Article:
In humans, the literature is similarly rich with data underscoring cinnamon’s potent, multimodal effects. Researchers have documented compelling results for those afflicted with metabolic syndrome, type 2 diabetes, and polycystic ovary syndrome (a known causative factor in insulin resistance, obesity, and diabetes in women).14
In controlled human studies in these populations, cinnamon extracts have been shown to induce profoundly beneficial, broad-spectrum effects on markers of glucose tolerance across the board.14 They improve blood sugar levels, insulin sensitivity, cholesterol and antioxidant status, blood pressure, lean body mass, and gastric emptying.14 Clinicians examining cinnamon’s therapeutic potential in diabetic individuals have reported declines in fasting blood glucose anywhere between 10-29%.15,16
Use Only Standardized Cinnamon Extract
The problem with long-term cinnamon use is the presence of highly reactive aldehyde compounds. These toxic fat-soluble compounds accumulate in the body over time. The good news is that a novel aqueous extract of cinnamon has been identified and through a patented process, it delivers cinnamon’s beneficial water-soluble nutrients while removing deleterious fat-soluble toxins.
In a recent double-blind, placebo-controlled trial,17 a group of individuals (average age 61) with high blood sugar taking 500 mg per day of this form of cinnamon extract experienced an average decline of 12 mg/dL in fasting blood glucose after just two months. It also produced a significant decrease in postprandial glucose spikes (by an average of 32 mg/dL) after ingestion of 75 g of carbohydrates.
These findings support previous clinical data on similar aqueous cinnamon extracts, in which diabetic patients saw their fasting glucose drop an average of 10.3% after four months.16
Most importantly, no adverse effects were observed in either study.
“Our results suggest that cinnamon extract significantly increases insulin sensitivity, reduces serum, and hepatic lipids, and improves hyperglycemia and hyperlipidemia.”
What These Results Translate Into
A report in one of the American Diabetes Association’s own journals found that fasting glucose levels above 85 mg/dL in “nondiabetic apparently healthy middle-aged men” was a primary predictor of cardiovascular death. This was true regardless of exercise and cholesterol levels, in smokers and non-smokers alike.18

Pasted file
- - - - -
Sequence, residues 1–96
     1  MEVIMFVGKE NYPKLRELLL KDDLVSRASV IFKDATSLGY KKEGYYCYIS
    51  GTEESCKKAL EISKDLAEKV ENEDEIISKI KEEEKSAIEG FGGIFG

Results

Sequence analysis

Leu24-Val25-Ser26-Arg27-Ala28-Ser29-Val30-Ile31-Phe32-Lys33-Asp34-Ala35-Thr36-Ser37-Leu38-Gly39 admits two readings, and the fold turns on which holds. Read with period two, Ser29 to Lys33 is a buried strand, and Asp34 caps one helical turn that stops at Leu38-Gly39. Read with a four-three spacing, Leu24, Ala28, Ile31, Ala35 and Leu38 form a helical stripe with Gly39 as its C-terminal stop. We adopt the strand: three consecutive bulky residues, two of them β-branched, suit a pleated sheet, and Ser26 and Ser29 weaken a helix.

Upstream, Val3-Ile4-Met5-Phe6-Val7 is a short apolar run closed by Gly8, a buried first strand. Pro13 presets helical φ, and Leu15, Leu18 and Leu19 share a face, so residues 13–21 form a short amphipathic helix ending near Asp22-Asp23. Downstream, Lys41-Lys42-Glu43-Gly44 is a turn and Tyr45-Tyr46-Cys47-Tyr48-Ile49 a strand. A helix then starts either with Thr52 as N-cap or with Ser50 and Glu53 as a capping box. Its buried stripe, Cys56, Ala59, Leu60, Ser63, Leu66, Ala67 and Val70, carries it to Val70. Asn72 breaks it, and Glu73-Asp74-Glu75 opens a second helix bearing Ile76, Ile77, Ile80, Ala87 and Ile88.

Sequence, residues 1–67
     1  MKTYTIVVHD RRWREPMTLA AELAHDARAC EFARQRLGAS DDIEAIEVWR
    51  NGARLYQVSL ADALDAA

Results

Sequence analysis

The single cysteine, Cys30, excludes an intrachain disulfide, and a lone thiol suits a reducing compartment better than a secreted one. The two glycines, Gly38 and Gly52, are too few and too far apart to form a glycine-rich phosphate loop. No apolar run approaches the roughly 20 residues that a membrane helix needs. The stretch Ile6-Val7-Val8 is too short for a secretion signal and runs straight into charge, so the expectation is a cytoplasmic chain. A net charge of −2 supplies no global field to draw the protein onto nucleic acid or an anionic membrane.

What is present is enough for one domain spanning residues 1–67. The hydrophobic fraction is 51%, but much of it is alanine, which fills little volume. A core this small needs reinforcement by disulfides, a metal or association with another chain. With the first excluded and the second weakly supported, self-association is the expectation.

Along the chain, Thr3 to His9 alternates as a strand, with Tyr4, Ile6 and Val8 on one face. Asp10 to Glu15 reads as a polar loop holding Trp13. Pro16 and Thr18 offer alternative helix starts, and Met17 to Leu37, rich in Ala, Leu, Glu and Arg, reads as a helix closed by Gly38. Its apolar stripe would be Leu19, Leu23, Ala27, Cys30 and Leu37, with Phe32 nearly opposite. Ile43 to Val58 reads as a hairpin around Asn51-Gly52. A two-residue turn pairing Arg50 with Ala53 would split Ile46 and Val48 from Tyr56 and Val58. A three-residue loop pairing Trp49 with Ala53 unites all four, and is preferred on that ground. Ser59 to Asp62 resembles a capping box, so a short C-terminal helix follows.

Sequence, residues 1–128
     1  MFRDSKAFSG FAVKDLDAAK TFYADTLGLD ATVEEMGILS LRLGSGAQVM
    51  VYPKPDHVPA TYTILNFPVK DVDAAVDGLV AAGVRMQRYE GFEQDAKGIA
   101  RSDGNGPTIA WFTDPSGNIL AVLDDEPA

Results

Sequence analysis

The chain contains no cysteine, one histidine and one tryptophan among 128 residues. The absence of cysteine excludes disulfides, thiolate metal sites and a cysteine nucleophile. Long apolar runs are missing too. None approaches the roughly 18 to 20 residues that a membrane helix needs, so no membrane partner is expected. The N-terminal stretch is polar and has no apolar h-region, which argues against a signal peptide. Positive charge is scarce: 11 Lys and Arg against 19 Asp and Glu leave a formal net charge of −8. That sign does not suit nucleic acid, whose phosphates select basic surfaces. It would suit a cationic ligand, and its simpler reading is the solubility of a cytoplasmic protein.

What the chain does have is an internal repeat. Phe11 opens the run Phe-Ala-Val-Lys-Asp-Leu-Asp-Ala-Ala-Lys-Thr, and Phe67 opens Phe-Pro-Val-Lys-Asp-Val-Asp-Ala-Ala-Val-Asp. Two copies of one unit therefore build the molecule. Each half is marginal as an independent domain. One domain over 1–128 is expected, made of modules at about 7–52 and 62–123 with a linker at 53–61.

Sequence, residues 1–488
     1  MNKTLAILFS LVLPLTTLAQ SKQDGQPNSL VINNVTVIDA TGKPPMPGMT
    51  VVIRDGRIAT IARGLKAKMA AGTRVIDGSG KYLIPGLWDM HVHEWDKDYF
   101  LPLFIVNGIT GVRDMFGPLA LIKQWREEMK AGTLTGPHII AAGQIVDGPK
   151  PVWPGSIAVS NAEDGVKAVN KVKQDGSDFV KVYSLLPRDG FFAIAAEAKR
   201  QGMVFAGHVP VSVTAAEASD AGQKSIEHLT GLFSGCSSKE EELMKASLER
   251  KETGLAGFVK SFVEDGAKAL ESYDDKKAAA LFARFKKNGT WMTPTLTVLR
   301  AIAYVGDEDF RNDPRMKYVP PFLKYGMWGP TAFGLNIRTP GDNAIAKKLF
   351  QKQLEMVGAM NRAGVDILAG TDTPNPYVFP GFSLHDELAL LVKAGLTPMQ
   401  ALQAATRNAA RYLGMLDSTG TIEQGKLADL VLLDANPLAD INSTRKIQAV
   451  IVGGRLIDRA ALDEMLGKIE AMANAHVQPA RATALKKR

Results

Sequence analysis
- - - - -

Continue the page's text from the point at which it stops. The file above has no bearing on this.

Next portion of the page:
Aging non-diabetic individuals typically have fasting glucose readings far over 90 mg/dL. By using this novel cinnamon extract alone, one may be able to reduce their fasting glucose to safer ranges of around 80 mg/dL. You’ll learn later in this article about the importance of reducing after-meal (postprandial) glucose spikes, something that cinnamon is quite effective in doing.
New Chromium Complex Optimizes Glucose Breakdown
Chromium has long been known to play a central role in healthy glucose metabolism at the cellular level.19-23 It sensitizes cells to insulin and increases the number of insulin receptors in cells. Studies definitively link low chromium levels with increased blood glucose, triglycerides, and cholesterol, increasing the possibility of diabetes and heart disease.24,25
As with any strategy to lower cardiac risk factors, regular blood tests can verify whether the approaches you choose are working for you.
Chromium works by interacting with cell-signaling receptors that enhance the body’s response to insulin. In the presence of chromium cells require less insulin to become activated, resulting in greater overall insulin sensitivity and enhanced glucose control.
Chromium also aids in the transfer of glucose from the blood into cells by activating insulin-sensitive glucose transport molecules. Its central role in regulating glucose is underscored by the hallmark signs of chromium deficiency which manifest as elevated fasting glucose and insulin blood levels.
Some chromium-deficient patients have even developed diabetes that could not be reversed through insulin injections, but subsided when supplemented with chromium.26